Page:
John Edward, a resident of Chelmsford who earned his master’s degree at UMass Lowell and who teaches economics at Bentley University and UMass Lowell, contributes the following column:
In 2009, I wrote a column that used a fictional story to explain how the Great Recession started. The column concluded with a warning that “unless we make fundamental changes, the next time it could be even worse.”
Fundamentally, very little has changed in the last three years. Now, I will script in advance, how THE BIG ONE may play itself out.
The opening scene is the interior of a luxurious home. The entire wall facing the audience is a giant computer screen. On the screen is what might be a futuristic Facebook page. Within the page are images representing content providers
The bright light coming through the skylight gives the impression that it is not some dystopian future of science fiction. A man, appearing to be in his forties, is facing the screen while running on a treadmill.
There is no dialog. Occasionally the man issues commands in a staccato voice to activate news reports on the screen. Images expand and fade, with and without voiceovers. As the man controls his environment, we learn what conditions are like in the United States of the not too distant future.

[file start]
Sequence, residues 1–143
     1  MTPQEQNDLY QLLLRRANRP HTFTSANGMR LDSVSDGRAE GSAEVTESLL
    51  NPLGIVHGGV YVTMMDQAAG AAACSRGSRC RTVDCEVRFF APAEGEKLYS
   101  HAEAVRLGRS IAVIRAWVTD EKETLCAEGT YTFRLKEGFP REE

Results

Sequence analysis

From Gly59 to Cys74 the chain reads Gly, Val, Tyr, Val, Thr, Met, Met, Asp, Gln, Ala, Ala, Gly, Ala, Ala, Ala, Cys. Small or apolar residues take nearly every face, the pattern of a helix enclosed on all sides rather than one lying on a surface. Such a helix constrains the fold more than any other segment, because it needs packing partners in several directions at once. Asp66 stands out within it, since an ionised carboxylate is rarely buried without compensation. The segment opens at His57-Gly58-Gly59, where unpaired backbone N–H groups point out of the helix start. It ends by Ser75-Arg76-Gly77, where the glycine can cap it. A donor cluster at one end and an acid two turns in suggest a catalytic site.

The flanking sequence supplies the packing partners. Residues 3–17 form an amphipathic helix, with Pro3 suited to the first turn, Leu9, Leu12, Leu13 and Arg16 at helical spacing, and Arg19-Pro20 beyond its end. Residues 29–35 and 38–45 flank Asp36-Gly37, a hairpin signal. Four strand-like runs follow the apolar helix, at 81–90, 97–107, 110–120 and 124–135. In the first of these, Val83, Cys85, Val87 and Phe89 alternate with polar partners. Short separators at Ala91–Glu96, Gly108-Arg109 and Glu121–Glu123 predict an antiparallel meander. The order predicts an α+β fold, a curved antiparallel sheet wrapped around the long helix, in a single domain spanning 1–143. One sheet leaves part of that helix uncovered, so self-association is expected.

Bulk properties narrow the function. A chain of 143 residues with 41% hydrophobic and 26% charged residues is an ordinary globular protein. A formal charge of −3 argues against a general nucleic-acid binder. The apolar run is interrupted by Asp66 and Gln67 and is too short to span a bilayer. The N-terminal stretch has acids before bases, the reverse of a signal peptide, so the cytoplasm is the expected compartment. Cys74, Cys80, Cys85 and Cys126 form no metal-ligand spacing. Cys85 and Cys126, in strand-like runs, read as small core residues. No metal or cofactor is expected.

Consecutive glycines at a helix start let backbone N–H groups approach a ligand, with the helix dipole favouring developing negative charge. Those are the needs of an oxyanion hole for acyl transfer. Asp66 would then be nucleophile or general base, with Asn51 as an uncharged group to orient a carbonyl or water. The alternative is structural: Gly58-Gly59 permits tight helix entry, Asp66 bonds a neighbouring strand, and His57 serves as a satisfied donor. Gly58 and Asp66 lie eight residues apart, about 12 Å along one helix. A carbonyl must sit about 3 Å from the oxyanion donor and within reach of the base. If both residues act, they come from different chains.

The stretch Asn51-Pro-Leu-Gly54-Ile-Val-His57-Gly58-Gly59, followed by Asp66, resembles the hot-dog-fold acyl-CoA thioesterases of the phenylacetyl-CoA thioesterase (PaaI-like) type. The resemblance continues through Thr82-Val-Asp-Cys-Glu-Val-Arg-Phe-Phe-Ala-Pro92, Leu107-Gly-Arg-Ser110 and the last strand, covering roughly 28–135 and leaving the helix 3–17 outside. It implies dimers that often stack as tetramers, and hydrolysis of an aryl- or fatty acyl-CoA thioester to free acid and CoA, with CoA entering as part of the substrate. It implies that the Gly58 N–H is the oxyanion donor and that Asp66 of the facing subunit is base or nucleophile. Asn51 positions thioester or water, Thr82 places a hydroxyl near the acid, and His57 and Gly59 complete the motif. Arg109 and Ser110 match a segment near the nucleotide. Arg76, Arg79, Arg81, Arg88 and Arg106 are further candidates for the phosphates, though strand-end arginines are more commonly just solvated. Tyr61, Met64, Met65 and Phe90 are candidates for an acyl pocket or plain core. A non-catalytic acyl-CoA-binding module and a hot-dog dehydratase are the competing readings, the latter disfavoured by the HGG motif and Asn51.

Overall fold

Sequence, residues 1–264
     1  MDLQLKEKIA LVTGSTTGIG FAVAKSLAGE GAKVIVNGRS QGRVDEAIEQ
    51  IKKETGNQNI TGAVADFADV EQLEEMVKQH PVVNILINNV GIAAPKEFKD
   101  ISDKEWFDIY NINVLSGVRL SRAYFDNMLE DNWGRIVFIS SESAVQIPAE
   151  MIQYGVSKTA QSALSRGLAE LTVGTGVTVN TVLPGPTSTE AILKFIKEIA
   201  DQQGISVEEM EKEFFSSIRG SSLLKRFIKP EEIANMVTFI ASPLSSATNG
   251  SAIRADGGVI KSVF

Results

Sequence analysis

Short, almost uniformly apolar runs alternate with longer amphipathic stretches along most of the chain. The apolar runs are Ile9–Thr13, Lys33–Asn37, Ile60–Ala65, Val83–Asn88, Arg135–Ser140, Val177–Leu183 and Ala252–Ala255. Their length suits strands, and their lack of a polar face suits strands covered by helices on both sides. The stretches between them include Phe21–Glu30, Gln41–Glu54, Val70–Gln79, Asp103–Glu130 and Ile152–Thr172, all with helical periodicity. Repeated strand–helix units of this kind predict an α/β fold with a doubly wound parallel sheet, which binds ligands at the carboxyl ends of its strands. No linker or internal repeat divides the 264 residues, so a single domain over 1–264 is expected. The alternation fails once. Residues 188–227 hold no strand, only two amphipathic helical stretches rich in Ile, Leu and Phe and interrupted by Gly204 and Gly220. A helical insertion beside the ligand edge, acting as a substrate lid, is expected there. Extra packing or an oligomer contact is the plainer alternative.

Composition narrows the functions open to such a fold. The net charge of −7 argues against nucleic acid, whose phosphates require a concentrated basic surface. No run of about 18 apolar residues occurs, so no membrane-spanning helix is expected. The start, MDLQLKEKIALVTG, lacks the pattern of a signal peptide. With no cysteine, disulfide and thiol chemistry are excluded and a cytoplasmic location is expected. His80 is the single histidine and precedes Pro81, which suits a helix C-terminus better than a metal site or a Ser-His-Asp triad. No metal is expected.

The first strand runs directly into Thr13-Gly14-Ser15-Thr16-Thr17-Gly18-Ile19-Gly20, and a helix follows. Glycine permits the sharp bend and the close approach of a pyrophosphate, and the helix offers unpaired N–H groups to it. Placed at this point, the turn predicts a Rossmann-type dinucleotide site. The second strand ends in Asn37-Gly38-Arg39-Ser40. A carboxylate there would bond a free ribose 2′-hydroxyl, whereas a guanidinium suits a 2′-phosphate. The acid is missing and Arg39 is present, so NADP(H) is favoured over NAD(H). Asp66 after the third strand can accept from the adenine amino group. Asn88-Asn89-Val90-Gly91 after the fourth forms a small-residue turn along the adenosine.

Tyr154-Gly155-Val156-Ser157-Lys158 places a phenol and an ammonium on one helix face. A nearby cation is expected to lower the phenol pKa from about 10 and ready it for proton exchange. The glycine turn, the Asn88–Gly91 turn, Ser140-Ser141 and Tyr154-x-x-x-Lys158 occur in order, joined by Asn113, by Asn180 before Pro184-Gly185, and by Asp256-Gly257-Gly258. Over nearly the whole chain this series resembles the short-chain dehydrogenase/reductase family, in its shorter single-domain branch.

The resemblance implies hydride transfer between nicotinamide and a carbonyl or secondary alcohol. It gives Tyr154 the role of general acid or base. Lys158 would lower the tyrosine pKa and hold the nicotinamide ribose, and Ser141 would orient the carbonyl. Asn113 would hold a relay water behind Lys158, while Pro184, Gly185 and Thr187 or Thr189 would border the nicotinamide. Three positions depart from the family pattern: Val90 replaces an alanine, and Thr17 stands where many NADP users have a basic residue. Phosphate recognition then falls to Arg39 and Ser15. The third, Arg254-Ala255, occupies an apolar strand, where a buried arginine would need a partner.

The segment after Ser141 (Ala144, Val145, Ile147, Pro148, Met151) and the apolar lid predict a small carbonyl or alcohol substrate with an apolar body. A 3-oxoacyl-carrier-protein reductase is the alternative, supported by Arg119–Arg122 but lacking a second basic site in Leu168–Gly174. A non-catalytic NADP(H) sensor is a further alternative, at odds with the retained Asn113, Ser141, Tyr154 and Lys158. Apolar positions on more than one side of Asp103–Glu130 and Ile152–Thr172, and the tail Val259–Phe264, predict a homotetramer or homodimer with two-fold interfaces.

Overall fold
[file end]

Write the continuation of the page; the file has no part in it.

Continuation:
Outside, in the real world, the future is dystopian for most. Things are bad and getting worse. People originally called it the third Great Recession. Conditions worsened to the point that former Federal Reserve Chairman Geithner labeled it Great Depression 2.0. Now everyone just calls it THE BIG ONE (always in upper case).
Economic growth has been negative for 13 quarters in a row. Output has plummeted. Most people cannot afford to buy anything but necessities. Many cannot afford even that. The luxury goods that still sell well are mostly manufactured overseas.
The official unemployment rate is 18.97 percent. The Bureau of Labor Statistics now counts military personnel as employed. People who have been out of work for more than a year are no longer counted as unemployed.
A cheerful woman reports that price and wage controls are very effective and people should not be concerned by a recent uptick in inflation to 2.1 percent. Adults vividly recall the second Great Recession of 2016 when the Federal Reserve responded aggressively to inflation briefly creeping above 3 percent.
The U.S. dollar continues to lose value against the common Asian currency – the Yuan. China no longer feels compelled to devalue the Yuan as they now export more than the United States and what is left of the European Union combined. read more »